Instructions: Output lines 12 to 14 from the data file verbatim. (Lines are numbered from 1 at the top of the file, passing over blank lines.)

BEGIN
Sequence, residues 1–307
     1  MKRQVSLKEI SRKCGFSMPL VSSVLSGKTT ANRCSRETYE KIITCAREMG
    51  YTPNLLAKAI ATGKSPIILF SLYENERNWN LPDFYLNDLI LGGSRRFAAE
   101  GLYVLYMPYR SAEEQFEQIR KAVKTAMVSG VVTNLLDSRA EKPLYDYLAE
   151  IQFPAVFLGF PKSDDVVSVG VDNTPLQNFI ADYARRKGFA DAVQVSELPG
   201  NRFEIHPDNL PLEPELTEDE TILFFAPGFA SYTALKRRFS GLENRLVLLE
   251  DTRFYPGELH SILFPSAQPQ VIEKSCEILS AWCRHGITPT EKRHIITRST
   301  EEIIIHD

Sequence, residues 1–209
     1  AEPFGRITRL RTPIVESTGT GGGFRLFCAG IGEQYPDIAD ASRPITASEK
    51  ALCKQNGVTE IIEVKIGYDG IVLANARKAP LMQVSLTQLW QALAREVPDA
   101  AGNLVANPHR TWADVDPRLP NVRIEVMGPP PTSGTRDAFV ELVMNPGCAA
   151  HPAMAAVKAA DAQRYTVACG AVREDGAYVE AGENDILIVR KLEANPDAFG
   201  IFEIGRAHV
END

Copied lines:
   101  AGNLVANPHR TWADVDPRLP NVRIEVMGPP PTSGTRDAFV ELVMNPGCAA
   151  HPAMAAVKAA DAQRYTVACG AVREDGAYVE AGENDILIVR KLEANPDAFG
   201  IFEIGRAHV